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Translations: Français

AVA comes bundled with a Flow definition file. This allows developers to leverage Flow for writing tests.

This guide assumes you've already set up Flow for your project. Note that AVA's definition as been tested with version 0.86.0.

We recommend you use AVA's built-in Babel pipeline to strip Flow type annotations and declarations. AVA automatically applies your project's Babel configuration, so everything may just work without changes. Alternatively install @babel/plugin-transform-flow-strip-types and customize AVA's configuration in the package.json file (or the ava.config.js file) as follows.


	"ava": {
		"babel": {
			"testOptions": {
				"plugins": [

See our Babel documentation for more details.

Writing tests

Create a test.js file.

// @flow
import test from 'ava';

const fn = async () => Promise.resolve('foo');

test(async (t) => { fn(), 'foo');

Typing t.context

By default, the type of t.context will be the empty object ({}). AVA exposes an interface TestInterface<Context> which you can use to apply your own type to t.context. This can help you catch errors at compile-time:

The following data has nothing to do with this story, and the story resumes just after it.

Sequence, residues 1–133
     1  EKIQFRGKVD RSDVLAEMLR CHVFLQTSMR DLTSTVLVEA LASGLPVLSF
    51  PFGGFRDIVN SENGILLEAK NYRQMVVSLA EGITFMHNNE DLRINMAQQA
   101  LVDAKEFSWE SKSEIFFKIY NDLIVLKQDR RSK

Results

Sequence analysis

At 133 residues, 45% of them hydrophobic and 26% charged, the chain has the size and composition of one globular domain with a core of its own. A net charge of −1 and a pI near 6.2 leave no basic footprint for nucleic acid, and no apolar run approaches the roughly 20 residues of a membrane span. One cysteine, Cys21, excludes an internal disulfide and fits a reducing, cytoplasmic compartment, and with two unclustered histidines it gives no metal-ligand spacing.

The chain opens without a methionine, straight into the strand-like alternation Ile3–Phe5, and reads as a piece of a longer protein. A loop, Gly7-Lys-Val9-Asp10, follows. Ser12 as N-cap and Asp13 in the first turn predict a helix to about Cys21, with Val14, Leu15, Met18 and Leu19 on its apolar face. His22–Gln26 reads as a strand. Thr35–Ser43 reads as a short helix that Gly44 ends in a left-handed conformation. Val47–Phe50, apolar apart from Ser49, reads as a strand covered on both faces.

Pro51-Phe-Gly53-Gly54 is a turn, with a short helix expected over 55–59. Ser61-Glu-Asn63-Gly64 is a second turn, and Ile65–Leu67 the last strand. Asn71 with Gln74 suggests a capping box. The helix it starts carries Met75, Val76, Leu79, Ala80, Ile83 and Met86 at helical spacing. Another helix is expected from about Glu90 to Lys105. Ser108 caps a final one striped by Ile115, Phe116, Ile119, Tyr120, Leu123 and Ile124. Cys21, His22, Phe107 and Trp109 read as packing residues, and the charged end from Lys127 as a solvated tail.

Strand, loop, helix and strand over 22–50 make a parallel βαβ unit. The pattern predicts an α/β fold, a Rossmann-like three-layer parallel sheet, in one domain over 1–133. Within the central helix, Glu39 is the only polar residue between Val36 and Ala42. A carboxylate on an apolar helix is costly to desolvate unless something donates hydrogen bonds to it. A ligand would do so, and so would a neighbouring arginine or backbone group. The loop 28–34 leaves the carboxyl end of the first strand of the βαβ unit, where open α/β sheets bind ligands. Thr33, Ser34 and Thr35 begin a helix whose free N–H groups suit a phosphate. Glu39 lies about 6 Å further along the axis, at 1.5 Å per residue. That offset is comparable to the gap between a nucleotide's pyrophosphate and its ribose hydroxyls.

// @flow
import anyTest from 'ava';
import type {TestInterface} from 'ava';

const test: TestInterface<{foo: string}> = (anyTest: any);

test.beforeEach(t => {
	t.context = {foo: 'bar'};

test.beforeEach(t => { = 123; // error:  Type '123' is not assignable to type 'string'

test.serial.cb.failing('very long chains are properly typed', t => {
	t.context.fooo = 'a value'; // error: Property 'fooo' does not exist on type ''

test('an actual test', t => {
	t.deepEqual( => c), ['b', 'a', 'r']); // error: Property 'map' does not exist on type 'string'

Note that, despite the type cast above, when executing t.context is an empty object unless it's assigned.

Typing throws assertions

The t.throws() and t.throwsAsync() assertions are typed to always return an Error. You can customize the error class using generics:

// @flow
import test from 'ava';

class CustomError extends Error {
	parent: Error;

	constructor(parent) {
		this.parent = parent;

function myFunc() {
	throw new CustomError(new TypeError('🙈'));

test('throws', t => {
	const err = t.throws<CustomError>(myFunc);, 'TypeError');

test('throwsAsync', async t => {
	const err = await t.throwsAsync<CustomError>(async () => myFunc());, 'TypeError');

Note that, despite the typing, the assertion returns undefined if it fails. Typing the assertions as returning Error | undefined didn't seem like the pragmatic choice.